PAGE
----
High-speed Rail

Part of the debate – in Westminster Hall at 11:35 am on 8th December 2009.

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Photo of David Lidington David Lidington Shadow Minister (Foreign and Commonwealth Affairs) 11:35 am, 8th December 2009

The hon. Gentleman's account of that Select Committee hearing rather fits with my recollection of a radio interview with the Secretary of State a couple of weeks ago.

I think that I represent a greater proportion of the Chilterns area of outstanding natural beauty than any other Member of the House and already there is concern in my constituency about reports in the newspapers and the broadcast media that HS2 will propose routes that would plough straight through the heart of the Chilterns AONB. If such routes are indeed proposed, it seems to me that the exercise that I and other Members who represent constituencies in the Chilterns must undertake would be to balance the national interest with the interest of our constituencies. The Government could reasonably ask our constituents to consider that issue too.

Any proposal involving the Chilterns would have to pass two critical tests. One is a financial test involving value for money. Is the very large expenditure of public money entailed by a high-speed rail proposal justified by the economic benefits that would accrue to the nation? Also, would we be able to recoup at least a large part of that investment from various carbon access charges in subsequent years? Part of that analysis must include whether the fares it would be necessary to charge to make a sufficient return on the capital outlay would be affordable for ordinary people in this country. One reason why the abortive Central Railway freight project fell is that it became apparent that the necessary capital expenditure could be financed only on the expectation of freight access charges too high to attract any significant amount of traffic away from the motorways on to the proposed railway line.

The value for money test is particularly important given the point made by Sir Peter Soulsby. It is inevitable that expenditure of that order-current estimates of the total are between £30 billion and £40 billion-will involve diverting money that might be spent on upgrading other parts of the network, which sorely needs upgrading and modernising at many bottlenecks and pinch points that we could all identify.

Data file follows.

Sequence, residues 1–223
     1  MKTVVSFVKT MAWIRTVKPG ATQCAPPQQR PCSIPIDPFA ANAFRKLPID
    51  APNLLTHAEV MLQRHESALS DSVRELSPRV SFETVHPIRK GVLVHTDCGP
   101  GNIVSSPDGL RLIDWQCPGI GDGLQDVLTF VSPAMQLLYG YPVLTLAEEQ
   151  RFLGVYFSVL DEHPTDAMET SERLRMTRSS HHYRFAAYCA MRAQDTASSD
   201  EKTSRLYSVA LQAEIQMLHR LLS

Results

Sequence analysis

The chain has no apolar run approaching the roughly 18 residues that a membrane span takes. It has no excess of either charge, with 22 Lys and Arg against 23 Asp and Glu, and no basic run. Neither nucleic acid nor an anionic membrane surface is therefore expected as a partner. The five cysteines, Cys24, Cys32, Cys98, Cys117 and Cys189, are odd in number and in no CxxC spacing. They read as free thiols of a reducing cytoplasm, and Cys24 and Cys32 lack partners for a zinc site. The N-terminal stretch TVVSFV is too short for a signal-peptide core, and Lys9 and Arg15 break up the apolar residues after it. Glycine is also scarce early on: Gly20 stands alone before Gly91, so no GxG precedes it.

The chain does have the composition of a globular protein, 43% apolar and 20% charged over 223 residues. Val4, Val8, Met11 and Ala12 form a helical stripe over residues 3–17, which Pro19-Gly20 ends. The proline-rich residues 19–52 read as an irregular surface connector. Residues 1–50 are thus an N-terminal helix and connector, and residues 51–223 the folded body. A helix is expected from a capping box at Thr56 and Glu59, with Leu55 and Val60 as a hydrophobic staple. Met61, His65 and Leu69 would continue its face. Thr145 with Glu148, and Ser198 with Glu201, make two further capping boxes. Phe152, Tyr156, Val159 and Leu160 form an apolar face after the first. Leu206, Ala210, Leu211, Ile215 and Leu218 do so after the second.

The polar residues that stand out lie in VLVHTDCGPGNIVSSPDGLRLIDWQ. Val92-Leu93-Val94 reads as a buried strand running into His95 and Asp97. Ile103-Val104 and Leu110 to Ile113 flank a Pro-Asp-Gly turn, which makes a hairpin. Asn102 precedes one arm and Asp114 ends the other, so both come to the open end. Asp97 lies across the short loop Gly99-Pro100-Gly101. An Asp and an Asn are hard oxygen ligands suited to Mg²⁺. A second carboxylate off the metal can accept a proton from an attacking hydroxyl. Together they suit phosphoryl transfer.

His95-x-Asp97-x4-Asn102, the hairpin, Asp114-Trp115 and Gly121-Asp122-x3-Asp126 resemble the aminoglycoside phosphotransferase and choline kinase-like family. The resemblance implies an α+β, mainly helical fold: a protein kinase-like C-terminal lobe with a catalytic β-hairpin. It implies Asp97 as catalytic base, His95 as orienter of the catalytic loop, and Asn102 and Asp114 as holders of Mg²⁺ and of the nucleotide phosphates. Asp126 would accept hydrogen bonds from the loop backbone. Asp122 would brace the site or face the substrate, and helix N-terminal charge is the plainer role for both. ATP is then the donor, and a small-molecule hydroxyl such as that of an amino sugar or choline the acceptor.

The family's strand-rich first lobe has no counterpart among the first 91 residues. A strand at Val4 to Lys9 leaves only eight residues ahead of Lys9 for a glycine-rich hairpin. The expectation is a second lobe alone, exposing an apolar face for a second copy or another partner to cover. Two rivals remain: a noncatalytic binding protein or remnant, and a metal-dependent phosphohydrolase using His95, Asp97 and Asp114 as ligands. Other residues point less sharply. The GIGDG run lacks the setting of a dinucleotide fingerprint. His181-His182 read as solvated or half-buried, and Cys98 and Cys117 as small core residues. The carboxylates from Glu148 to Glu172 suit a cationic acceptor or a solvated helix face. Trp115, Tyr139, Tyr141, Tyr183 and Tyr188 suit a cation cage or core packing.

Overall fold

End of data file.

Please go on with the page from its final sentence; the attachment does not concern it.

Secondly, there is the environmental test. For my constituents, that is of particular importance. My constituency includes an area that is part of both the green belt and the Chilterns area of outstanding natural beauty. By definition, therefore, it is an area designated by successive Governments as having landscape of national value. There is quite a lot of National Trust land along the valleys of the Chilterns. The Chilterns Conservation Board, the statutory agency charged with protecting the AONB, along with the National Trust, the Chiltern Society and the Campaign to Protect Rural England, is already concerned about the proposals emanating from HS2.

When the report is published, I will want to see evidence of how the environmental balance would be struck. A project of that scale, like any big construction project, will inevitably involve the emission of a great deal of carbon. How will that be placed in the balance? What assumptions will be made about how much carbon will be saved by diverting passengers away from domestic flights and road travel on to the proposed new high-speed rail network?

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